This is one of the easiest sofa-to-bed conversions there is; all you have to do is toss the bolsters on the floor and throw on a sheet. The covers are removable for cleaning.
The frame is laminated maple plywood, and the hairpin legs are brushed steel. These delicate legs are sturdy yet give the illusion that the seat is floating.
This amazing unfolding apartment makes the most of every square inch. The fact that the designer chose a Case Study Daybed is a ringing endorsement for its versatility and practicality.
Today, Modernica builds the Case Study Daybeds to the original specifications in Los Angeles. This is fitting, as the Case Study Houses were all built in Southern California.
The sofa looks smashing with this pair of modern webbed chairs. Webbing was a common World War II–era furniture material and became a midcentury classic; the designs sprang from a lack of materials available, and clever designers, like Jens Risom and Ralph Rapson, made do with what they had. Rapson was also a Case Study architect.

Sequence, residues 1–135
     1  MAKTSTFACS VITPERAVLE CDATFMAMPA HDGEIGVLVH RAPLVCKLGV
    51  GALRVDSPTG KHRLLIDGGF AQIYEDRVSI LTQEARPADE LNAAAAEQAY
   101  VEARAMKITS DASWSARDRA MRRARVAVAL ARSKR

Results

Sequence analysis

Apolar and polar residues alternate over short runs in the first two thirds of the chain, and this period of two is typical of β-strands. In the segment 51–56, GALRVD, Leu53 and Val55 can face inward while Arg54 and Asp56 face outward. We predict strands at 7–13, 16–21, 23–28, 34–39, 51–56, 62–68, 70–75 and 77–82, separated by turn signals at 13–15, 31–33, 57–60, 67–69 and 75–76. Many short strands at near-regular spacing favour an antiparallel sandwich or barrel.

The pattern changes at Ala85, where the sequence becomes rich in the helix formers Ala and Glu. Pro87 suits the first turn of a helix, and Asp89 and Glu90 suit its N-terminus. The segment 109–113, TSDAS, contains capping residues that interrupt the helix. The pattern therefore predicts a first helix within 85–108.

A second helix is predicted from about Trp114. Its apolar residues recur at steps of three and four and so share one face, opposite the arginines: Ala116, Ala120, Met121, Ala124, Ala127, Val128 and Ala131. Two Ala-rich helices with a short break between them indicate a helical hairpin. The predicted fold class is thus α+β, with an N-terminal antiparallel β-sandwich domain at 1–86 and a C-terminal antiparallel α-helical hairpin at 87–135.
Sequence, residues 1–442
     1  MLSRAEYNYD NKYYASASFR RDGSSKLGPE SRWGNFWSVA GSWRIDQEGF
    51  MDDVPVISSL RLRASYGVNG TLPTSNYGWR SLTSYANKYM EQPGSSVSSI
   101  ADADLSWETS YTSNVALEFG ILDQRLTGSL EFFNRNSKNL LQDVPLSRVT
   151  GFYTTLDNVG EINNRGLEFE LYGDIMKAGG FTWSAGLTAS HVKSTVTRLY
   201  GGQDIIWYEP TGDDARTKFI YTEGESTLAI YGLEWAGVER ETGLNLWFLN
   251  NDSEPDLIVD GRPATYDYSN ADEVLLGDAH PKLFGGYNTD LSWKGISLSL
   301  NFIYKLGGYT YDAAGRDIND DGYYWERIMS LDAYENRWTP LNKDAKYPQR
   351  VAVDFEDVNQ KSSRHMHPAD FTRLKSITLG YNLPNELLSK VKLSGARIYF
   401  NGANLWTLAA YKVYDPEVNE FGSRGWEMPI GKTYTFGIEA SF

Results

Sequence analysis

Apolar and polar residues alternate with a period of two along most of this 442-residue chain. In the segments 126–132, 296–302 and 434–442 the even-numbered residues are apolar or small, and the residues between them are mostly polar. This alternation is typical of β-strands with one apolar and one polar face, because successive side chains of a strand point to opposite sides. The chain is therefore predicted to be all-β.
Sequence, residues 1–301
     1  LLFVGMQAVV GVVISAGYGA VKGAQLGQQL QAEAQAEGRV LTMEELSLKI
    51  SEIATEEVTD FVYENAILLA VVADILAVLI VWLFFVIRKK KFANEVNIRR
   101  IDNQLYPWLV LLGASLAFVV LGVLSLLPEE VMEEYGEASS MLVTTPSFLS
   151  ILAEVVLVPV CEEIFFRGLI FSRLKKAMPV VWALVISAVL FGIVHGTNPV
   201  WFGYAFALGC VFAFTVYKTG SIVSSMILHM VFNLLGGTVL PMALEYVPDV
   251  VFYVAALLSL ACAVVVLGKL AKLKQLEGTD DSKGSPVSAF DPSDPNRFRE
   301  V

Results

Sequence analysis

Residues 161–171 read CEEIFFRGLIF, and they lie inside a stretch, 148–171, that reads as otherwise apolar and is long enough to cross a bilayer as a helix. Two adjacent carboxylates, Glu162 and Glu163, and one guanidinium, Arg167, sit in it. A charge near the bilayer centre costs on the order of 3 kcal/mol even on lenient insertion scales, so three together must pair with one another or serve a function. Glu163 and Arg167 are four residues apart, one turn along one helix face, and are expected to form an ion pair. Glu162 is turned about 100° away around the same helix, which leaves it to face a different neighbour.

Of course, you aren't required to go midcentury modern with all of the furnishings around this piece. I love the contrast between the modern Case Study Daybed and the traditional chesterfield in this collected room.
Multi-ply bentwood legs are another option.
To learn more about the Case Study House program, check out the Southern California Architectural History Archives, where a similar platform sofa can be seen in a photo by Julius Shulman in House #20.